The Viennese Dance Series for Chamber Ensembles
A Medley of Themes from Gräfin Mariza (Countess Mariza)
For Piano Quintet (Piano, 2 Violins, Cello & Bass)
The music to the operetta Gräfin Mariza, of course, was originally intended for a small pit orchestra of perhaps 15-20 players, of the type one commonly found in Viennese operetta theaters. But like the operas of Johann Strauss Jr, the music became so popular that arrangements of it for much smaller and more intimate groups were almost immediately made from the time it was published so that the wonderful melodies from it could be heard in the cafes and coffee houses throughout Vienna. In is in that tradition that we offer our Medley of themes from Gräfin Mariza for Piano, 2 Violins, Cello and Bass. We could not find a recording just for piano quintet. Our soundbite has a piano, 2 violins, cello, bass, flute & clarinet. It presents about half the work.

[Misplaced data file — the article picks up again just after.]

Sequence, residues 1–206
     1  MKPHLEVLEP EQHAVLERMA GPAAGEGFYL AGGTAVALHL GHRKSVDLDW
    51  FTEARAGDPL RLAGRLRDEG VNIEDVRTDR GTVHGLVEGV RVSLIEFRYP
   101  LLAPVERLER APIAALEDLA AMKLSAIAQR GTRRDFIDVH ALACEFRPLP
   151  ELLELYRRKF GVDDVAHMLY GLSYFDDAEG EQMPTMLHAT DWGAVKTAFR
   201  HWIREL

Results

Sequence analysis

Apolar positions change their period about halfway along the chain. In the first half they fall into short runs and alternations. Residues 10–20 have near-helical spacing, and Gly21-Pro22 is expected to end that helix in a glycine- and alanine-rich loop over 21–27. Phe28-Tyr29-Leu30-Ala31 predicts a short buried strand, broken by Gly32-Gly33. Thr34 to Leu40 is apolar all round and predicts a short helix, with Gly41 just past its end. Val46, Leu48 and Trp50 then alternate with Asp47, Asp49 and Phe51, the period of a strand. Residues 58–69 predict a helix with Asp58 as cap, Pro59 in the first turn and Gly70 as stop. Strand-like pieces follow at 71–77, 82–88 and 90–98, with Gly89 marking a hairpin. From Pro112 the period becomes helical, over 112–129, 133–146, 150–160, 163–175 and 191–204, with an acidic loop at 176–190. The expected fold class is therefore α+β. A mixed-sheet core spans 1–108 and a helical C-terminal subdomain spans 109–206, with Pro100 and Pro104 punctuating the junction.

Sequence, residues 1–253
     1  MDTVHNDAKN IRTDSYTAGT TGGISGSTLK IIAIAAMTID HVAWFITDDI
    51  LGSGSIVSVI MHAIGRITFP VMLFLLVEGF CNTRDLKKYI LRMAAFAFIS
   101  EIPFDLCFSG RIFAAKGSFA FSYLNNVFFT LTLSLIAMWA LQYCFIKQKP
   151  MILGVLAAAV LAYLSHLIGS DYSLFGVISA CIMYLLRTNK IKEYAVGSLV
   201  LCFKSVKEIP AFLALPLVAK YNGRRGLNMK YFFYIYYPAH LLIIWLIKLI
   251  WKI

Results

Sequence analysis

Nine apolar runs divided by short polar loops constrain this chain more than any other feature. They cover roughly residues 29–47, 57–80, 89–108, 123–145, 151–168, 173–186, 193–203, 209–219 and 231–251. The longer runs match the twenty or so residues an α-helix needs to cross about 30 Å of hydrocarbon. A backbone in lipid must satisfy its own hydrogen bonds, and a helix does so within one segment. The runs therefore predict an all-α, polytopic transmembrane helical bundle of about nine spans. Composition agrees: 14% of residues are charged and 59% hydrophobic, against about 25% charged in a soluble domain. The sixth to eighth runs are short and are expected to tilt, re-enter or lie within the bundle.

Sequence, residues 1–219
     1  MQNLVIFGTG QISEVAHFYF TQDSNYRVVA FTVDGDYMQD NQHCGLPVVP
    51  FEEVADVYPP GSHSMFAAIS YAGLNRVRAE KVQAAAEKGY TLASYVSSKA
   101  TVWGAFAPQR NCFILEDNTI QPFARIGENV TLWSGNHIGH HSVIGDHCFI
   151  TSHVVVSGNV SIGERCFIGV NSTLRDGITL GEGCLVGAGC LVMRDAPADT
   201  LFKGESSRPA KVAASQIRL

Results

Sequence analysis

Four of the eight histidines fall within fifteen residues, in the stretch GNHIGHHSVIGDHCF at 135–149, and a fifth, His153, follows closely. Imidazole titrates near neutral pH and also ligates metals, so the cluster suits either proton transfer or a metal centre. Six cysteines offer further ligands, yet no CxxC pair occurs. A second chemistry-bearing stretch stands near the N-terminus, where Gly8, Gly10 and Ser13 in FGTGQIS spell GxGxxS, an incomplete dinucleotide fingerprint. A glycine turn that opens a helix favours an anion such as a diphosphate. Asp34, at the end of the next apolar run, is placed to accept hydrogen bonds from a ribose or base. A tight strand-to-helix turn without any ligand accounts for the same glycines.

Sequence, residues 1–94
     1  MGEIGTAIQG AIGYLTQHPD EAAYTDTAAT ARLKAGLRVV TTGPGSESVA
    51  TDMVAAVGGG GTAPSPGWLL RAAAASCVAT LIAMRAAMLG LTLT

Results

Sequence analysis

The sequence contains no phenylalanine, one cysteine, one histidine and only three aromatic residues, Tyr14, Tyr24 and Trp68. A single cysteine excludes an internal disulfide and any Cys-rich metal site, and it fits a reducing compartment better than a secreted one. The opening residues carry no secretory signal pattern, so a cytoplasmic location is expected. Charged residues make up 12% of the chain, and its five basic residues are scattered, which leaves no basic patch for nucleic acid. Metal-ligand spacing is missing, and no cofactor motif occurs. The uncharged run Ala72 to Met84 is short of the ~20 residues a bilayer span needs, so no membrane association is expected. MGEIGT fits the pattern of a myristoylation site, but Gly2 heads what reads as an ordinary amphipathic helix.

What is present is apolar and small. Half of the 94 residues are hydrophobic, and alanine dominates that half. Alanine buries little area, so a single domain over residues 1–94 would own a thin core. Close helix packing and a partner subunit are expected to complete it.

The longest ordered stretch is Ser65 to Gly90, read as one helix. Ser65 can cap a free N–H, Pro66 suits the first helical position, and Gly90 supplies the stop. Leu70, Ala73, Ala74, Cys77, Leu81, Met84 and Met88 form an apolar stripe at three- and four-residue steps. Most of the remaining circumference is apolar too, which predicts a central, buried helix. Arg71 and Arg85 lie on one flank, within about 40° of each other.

Emmerich Kálmán (1882-1953 Imré Kálmán in the Hungarian form) was born in the Hungarian resort town of Siófok near Lake Balaton. His parents were Jewish and changed their surname from Koppelstein to Kálmán while Emmerich was in grade school. In a strange twist of fate, Hitler so-loved Kálmán's music that when he took over he offered Kálmán the very rarely given honorary Aryan status so that he could remain in Austria and the Third Reich unmolested. Kálmán turned him down and emigrated. As a boy Kálmán studied the violin and later the piano but his parents pressured him to become a lawyer and he took a degree in law at Budapest University. However, his heart was not in it and he subsequently attended the Franz Liszt Academy of Music in Budapest where he studied composition with Hans Koessler, the famous teacher of Bartok, Dohnanyi, Kodaly, Weiner and many others. At first he pursued a career as a serious classical composer, and though his music won several prestigious prizes, it gained little traction. In the meantime, he discovered that his lighter salon music was becoming very popular and henceforth, he devoted himself exclusively to it, subsequently becoming one of the most important 20th century composers of light opera and along with Franz Lehar is considered the finest composer of the so-called Silver Age of Viennese operetta. Among his many operettas are not only Gräfin Mariza, one of the most famous, but also Die Csárdásfürstin (The Gypsy Princess), Ein Herbstmanöver (Autumn Manoeuvres), and Die Herzogin von Chicago (The Duchess from Chicago) all of which were and still are produced world wide. His style combines elements of the Viennese waltz with the Hungarian csárdás. One also hears the influence of Puccini and Tchaikovsky.